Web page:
Ulrich, Koslowtiz and Van Bramer Support Reform Efforts
By Conor Greene
The City Council’s 51 members received their committee assignments – as determined by Speaker Christine Quinn – last week, with several local officials named to important positions. The assignments come at a time when a government watchdog group Citizens Union is pushing for the end of awarding stipends to committee chairs.
Eric Ulrich (R-Ozone Park) was assigned to six committees: civic service and labor, education, housing and buildings, public safety, transportation and waterfronts. He is beginning his first full four-year term on the City Council after defeating Democrat Frank Gulluscio in November. He served most of 2009 after winning a special election earlier that year to replace Joseph Addabbo, who joined the State Senate.
Ulrich was promoted by his party to the position of Minority Whip, which comes with a $5,000 stipend. Ulrich has pledged to donate that money to St. Jude Children’s Research Hospital in Memphis, Tenn.
“I am truly grateful for the trust and confidence that my colleagues have placed in me,” said Ulrich. “These committee assignments will allow me to better serve my constituents, and the communities within my district. At each hearing, I will be a voice for the needs and concerns of the people that I represent. And even though times are tough for many families, it’s important for them to know that someone is standing up for them at City Hall.”
Elizabeth Crowley (D-Middle Village) received a key assignment when she was named chair of the fire and criminal justice committee. Since taking office, she has been an active member of that committee, addressing issues including the city’s new “failed Unified Call Taking system,” which is used to dispatch crews to emergencies. She also fought against the planned closings of 16 fire companies, which was avoided when $17 million was restored to last year’s FDNY budget.
“I believe that the committee… is one of the most important with regards to the safety and protection of all New Yorkers, and it is an honor to serve as chair” said Crowley. “As chair, I will prioritize the protection and safety needs of all New Yorkers to ensure that, come budget time, these vital services are not compromised.” Crowley will receive a $10,000 stipend for heading that committee.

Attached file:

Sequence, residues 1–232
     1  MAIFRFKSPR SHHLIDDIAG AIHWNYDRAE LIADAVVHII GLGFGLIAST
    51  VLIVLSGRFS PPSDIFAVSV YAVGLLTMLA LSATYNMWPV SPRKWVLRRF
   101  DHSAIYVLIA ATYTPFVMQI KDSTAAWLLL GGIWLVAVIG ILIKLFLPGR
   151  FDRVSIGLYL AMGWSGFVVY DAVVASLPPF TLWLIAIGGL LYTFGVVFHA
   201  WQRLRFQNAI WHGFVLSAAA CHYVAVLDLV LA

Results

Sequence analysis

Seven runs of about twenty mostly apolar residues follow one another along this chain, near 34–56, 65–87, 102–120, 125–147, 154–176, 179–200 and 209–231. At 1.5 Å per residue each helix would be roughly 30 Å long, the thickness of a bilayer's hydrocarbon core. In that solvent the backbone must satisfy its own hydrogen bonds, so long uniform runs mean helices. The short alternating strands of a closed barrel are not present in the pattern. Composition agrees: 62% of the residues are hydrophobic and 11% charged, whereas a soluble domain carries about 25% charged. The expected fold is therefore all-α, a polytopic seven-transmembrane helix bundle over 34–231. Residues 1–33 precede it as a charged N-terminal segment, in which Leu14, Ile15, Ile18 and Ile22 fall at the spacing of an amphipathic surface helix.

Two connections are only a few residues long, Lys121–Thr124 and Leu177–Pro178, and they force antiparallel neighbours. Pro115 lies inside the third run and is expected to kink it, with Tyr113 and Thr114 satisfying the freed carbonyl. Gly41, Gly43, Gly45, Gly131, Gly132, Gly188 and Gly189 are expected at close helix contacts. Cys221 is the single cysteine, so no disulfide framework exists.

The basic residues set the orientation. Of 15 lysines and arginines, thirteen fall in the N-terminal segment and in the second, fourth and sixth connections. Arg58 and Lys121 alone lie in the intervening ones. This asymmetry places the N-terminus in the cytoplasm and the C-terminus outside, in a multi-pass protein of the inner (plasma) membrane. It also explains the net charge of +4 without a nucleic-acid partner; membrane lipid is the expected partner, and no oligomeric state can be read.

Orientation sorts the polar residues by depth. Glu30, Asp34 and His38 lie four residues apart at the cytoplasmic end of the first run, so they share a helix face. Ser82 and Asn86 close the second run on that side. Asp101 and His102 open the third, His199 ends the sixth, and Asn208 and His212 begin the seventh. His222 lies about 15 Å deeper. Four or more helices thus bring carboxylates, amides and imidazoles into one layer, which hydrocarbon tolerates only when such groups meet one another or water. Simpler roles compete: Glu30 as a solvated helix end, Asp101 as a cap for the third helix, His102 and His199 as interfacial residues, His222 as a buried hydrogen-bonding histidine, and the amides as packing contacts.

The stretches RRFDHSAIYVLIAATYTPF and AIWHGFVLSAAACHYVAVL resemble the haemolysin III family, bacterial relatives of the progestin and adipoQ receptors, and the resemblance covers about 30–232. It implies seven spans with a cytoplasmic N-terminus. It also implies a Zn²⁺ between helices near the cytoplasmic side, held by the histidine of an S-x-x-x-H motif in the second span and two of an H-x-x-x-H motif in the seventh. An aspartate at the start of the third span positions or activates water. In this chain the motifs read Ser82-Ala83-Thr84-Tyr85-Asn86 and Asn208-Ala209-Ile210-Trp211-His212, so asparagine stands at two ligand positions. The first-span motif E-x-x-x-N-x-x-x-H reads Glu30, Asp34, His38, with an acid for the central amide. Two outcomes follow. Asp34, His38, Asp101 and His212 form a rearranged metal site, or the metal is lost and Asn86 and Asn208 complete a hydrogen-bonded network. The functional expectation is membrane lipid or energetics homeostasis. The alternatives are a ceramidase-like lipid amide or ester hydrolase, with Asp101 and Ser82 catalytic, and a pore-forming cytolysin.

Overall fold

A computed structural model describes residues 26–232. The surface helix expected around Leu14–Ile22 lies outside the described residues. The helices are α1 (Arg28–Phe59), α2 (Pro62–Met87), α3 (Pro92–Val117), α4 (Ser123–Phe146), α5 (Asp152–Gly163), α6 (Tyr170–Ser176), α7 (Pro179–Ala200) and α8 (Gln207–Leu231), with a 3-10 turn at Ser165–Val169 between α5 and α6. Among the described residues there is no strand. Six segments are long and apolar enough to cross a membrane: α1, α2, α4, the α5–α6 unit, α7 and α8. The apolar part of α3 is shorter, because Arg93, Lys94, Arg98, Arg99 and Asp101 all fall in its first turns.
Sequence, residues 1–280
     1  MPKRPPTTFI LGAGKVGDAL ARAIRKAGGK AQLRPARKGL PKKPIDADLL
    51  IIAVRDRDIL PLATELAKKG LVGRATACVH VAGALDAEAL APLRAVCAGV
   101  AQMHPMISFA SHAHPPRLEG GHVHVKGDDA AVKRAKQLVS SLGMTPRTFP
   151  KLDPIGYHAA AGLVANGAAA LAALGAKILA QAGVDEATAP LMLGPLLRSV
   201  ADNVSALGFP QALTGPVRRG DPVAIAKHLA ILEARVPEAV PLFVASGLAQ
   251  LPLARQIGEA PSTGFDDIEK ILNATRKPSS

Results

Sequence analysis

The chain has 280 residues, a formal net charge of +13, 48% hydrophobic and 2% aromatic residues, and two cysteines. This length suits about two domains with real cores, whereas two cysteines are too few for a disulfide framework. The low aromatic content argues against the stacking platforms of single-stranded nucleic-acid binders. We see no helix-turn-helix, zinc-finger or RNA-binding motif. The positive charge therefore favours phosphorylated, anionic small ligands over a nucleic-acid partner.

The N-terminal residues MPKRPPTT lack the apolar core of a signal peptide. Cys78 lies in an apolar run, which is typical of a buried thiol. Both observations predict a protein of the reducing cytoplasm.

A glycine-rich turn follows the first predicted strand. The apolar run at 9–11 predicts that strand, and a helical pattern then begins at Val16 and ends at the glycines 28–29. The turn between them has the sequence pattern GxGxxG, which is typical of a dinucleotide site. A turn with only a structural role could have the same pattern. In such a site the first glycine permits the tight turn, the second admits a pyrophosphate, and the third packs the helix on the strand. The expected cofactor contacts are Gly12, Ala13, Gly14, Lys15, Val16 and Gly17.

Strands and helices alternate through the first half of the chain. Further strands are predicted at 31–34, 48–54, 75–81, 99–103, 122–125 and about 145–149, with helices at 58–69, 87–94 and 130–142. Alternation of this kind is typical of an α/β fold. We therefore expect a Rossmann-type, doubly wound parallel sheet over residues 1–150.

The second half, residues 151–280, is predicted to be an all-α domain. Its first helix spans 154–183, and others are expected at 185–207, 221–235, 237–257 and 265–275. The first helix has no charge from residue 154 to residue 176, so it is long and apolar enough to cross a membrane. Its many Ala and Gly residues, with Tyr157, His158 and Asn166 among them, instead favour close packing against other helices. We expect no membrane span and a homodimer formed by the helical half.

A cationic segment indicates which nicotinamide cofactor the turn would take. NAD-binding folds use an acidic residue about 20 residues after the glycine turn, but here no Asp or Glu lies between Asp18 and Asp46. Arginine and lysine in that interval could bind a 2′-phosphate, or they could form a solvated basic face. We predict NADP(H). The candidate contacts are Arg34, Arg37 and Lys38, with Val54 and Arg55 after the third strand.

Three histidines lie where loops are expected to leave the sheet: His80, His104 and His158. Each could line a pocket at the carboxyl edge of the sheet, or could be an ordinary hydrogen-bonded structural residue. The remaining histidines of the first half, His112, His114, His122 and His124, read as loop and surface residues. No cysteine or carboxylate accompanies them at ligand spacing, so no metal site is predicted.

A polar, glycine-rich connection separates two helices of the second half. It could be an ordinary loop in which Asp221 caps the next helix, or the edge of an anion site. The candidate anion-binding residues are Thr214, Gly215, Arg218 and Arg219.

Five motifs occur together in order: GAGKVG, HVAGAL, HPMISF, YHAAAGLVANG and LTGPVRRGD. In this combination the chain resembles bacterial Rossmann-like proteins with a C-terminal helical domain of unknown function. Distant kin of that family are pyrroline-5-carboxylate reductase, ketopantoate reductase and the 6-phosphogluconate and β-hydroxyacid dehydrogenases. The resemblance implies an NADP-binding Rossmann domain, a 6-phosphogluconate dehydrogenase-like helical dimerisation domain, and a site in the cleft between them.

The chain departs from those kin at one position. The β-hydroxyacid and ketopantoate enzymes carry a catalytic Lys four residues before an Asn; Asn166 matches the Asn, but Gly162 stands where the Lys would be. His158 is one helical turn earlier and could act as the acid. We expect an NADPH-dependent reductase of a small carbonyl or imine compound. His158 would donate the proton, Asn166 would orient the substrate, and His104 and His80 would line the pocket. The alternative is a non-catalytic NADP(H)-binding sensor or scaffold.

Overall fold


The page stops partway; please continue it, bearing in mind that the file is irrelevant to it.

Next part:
Karen Koslowitz (D-Forest Hills), who is again representing the area after serving two terms on the Council before being forced out by term limits, was named chair of the consumer affairs committee, which also comes with a $10,000 stipend.
Newly-elected Council member Jimmy Van Bramer (D-Sunnyside), whose district includes parts of Maspeth, was named chair of the cultural affairs and libraries committee. The former director of Queens Library’s external affairs said in a statement that he has always been passionate about cultural institutions.
“They embody the vitality of this city, increase tourism and are an integral part of the economic engine that keeps New York the most dynamic city in the world,” he said. “I am keenly aware of how essential libraries are to the every day lives of New Yorkers, and I will fight to protect the invaluable services and programs that they provide.”
The assignments come as Citizens Union is calling upon the Council to cut in half the number of committees and ending the practice of awarding stipends to committee chairs. The CU is urging the 21 Council members who expressed support for ending the awarding of stipends on top of the $112,000 base salary to support this effort.
“The practice of awarding stipends needs to end,” said CU Director Dick Dadey. “They go to almost every member to increase their pay and help bring loyalty to the Speaker. Stipends drive up the number of unnecessary committees and strengthen the influence of the Speaker beyond what is necessary because she decides who gets them and how much they get. The use of stipends is a throwback to an older boss-drive system of government.”
According to CU, the 21 members who voiced support for reforming the system of doling out stipends include Ulrich, Koslowitz and Van Bramer. Crowley did not immediately respond to a message seeking comment on her position on this issue.
The other Council members from Queens supporting the reform are: Leroy Comrie (D-St. Albans), Daniel Dromm (D-Jackson Heights), Julissa Ferreras (D-Corona), Dan Halloran (R-Bayside), Peter Koo (R-Flushing) and Diana Reyna (D-Ridgewood).
There are 46 Council committees, subcommittees and task forces, with stipends totaling nearly half a million dollars annually, according to the CU.